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The House   | October 1902

Reasons for promoting home arts in education

English education to promote weaving

One does not naturally connect weaving with matters educational or humanitarian. Indeed, seven years ago, the absurdity of encouraging and reviving weaving as a Home Art was considered a proof, if not of illiterate quixotism, at least of retrogade stupidity. Today in America the art which supplied the Southern States with homespums for their gallant defenders, and which just over a century ago played a part in the Great War of Independence, is regarded with sympathetic interest which is likely to have a powerful interest on what is also an economic force.

State labour is strongly resisted in America in everything that can be considered interfering with general trade. Thus the carpet industry of Indian gaols would not find any warm appreciation as a general rule in the States. It would be taken as unsound philanthropy and a blow at the commercial interests of the Commonwealth. No argument as to the boon such an intelligent pursuit might have in humanising and elevating the criminal class would have any weight with public opinion. In this the trade masses of the continents on either side of the ocean are agreed that State competition is unfair in matters of manufacture and trade. Even in England there is bitter opposition, and any definite attempt at introducing remunerative labour into large institutions is regarded with suspicion.

It is not, therefore, likely that in the country where the price of labour, as in America, has a fictitious value, weaving by hand will be permitted to be encouraged either in charitable or State-aided institutions. Nevertheless there is a growing interest shown in the matter in the States, and weaving crops up here and thru in the most unexpected places. There is already at least one lady lecturer who, without the assistance of agents or other outside organisation, manages to attract interest with her lantern and stereopticon slides.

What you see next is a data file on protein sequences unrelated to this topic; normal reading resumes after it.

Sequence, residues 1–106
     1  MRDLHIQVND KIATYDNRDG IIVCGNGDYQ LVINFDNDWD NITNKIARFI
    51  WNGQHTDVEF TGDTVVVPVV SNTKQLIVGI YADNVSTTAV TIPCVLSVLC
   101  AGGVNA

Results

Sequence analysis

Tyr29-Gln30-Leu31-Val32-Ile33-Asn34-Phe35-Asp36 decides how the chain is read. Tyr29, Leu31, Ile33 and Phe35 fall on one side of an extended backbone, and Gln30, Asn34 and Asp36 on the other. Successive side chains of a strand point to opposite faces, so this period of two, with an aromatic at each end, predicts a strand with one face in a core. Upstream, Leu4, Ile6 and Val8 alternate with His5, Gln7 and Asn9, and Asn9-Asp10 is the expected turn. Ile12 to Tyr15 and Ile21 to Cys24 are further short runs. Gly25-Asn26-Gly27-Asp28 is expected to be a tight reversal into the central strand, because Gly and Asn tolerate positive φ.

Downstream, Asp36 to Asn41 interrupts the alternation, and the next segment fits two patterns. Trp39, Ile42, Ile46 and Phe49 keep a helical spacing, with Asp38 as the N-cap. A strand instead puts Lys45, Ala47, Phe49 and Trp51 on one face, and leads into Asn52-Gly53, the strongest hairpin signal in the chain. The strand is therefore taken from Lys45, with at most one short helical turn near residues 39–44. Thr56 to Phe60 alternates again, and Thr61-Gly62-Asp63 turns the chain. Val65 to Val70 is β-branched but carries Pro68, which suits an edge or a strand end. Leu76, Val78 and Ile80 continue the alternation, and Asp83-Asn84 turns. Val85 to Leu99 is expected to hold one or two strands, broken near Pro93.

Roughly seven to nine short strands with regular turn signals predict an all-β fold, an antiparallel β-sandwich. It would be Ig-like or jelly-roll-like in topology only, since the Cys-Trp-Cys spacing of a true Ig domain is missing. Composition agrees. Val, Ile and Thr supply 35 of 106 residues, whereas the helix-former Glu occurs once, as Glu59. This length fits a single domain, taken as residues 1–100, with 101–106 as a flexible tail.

Some modicum of archaeological and literary support comes from the grave professors of the Smithsonian Institute. The details of the Inca tapestries are known to Prof. William Holmes; on the only recently famous and now revived industry of blanket making among the Navohoe Indians and the less known Hopis work the chief authorities are Prof. Matthews and W. W. Foukes. The ancient blankets are beautiful in colour and texture, and remind one forcibly of the materials made in those districts of Northern Europe where Turanian tribes still follow their simple avocations and sing the songs of their fathers and the runes gathered from the roadside as they passed along the great route of immigration from Eastern lands, West to Europe, or further East to the territories and happy huntinggrounds, as the legends say, of North America.

The few remaining Indians who have their reservations in the Far West were almost losing the textile art, but it is gradually being restored, though the excellence of ancient dyes and the traditions of the elders has to be supplied by modern substitutes that are as yet inferior to those of former days.

Still more interesting is the attempt to introduce weaving among the valleys of Kentucky. Here, in the isolated communities far removed from the great connecting link of civilisation, the all important railway, the poverty and ignorance of the people have attracted the notice of those who see in such communities a danger to the common good.

The vendetta of Italy has taken deep hold in these sequestered spots, and family intermarriages and absolute isolation from what we now call civilisation have fostered a state of lawless, yet organised, crime and misery which is incredible to us in our tiny corner of the world. Here, as an educative and economic reform, weaving has been re-introduced by philanthropic ladies fresh from the beating heart of the Commonwealth,, who have given up the excitement of New York for a university settlement among the poor whites of Kentucky.

Again, in the Salt Lake State, where poverty is an ever-present foe, and where in their primitive life, farmers are richer in kind than in cash, weaving is springing anew into activity.

But most promising of all are the Arts and Crafts in the Dearfield Settlement. Here the embroidery revival, the blue and white craft of early times, has developed a desire for proper dyes. Indigos have been successfully used, and greens are now being attempted. Here, among the poorest of the poor villagers, various handcrafts have been revived, though at the present weaving has not been specially undertaken.

In New York a small attempt has been made to start art weaving. But Chicago has its Hull House, where among the various wonders that strangers are “ trotted ” round to see, are the various styles of weaving, at 'which the poor women of all nationalities can work.

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